Adding support for optimistic preauth to kinit

Sam Hartman hartmans at
Mon Apr 26 07:46:30 EDT 2021

>>>>> "Ken" == Ken Hornstein <kenh at> writes:

    >> I think the problem is both harder and easier than this.
    >> Each preauth mechanism works differently, and some lend
    >> themselves to optimistic preauth better than others: [...]

    Ken> That's all fair, and I admit that this is kind of the
    Ken> intersection of what's available in terms of the API and the
    Ken> complexity of the preauth code.

    Ken> Really, the REAL goal is to force a particular preauth
    Ken> mechanism.  We have patches to kinit that make it so when kinit
    Ken> is called as "pkinit", it will try PKINIT by default.  The way
    Ken> this is done is by setting the optimistic preauth list.  But
    Ken> that has the sub-optimal behavior of making it that if PKINIT
    Ken> doesn't work, it falls back to a password prompt (well, that
    Ken> happens if PKINIT fails in the context of loading the plugin or
    Ken> some other initial setup fails).

As part of designing FAST and the preauth framework, we kind of accepted
that we were effectively killing off optimistic preauth.  In the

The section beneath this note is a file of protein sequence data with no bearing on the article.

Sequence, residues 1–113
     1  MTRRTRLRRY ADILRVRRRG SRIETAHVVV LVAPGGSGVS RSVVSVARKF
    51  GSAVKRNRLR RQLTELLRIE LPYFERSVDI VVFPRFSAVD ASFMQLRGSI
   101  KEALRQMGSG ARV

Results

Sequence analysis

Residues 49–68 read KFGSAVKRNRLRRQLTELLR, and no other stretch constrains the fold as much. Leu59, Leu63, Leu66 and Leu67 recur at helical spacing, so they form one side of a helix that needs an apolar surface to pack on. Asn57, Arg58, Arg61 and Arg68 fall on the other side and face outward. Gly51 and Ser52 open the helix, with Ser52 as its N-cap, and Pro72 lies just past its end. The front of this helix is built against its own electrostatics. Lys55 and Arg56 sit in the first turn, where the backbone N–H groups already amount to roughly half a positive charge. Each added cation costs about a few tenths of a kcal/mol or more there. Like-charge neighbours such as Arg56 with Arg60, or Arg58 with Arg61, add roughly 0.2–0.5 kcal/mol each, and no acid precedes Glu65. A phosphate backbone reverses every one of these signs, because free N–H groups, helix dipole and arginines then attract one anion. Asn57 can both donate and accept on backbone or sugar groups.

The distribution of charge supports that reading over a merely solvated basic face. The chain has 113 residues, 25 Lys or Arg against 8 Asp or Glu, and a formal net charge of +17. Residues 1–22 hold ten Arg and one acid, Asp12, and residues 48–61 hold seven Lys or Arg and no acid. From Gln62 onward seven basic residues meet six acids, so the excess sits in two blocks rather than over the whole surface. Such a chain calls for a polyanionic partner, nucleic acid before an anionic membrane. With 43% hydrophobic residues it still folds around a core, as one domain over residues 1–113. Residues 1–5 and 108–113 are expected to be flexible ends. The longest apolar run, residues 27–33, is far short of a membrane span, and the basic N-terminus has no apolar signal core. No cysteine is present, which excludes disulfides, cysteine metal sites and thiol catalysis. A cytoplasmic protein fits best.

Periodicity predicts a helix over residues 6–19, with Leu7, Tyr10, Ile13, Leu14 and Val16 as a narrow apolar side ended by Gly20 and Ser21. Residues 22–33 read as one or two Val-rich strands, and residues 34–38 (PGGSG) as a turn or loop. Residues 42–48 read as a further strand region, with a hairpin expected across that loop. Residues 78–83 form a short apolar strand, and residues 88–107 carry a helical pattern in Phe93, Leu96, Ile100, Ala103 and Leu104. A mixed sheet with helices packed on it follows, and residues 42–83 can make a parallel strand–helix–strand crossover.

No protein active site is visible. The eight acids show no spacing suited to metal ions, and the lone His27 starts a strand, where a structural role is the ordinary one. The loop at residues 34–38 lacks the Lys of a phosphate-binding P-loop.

generalized case you might need either the hint data or some other
information from the KDC to get started, and in the general case, once
you've started you cannot really restart (without completily restarting
over and possibly implementing lockout counters).

Also, one of the goals of FAST was to get to a point where after you got
the initial KDC reply you could present all the UI you would ever
present.  Feedback we got on the GUI side was thet models like PAM
keyboard interactive didn't work welll.

I think that having a list of preauth mechanisms the client hopes to use
(or a single mechanism) makes sense,
but  trying to reduce round trips is close to incompatible with other
design constraints that came up with FAST/the preauth framework.
I don't think we forbid anything in the spec, but we definitely
acknowledged that optimistic was going to be nearly impossible in the
general case.


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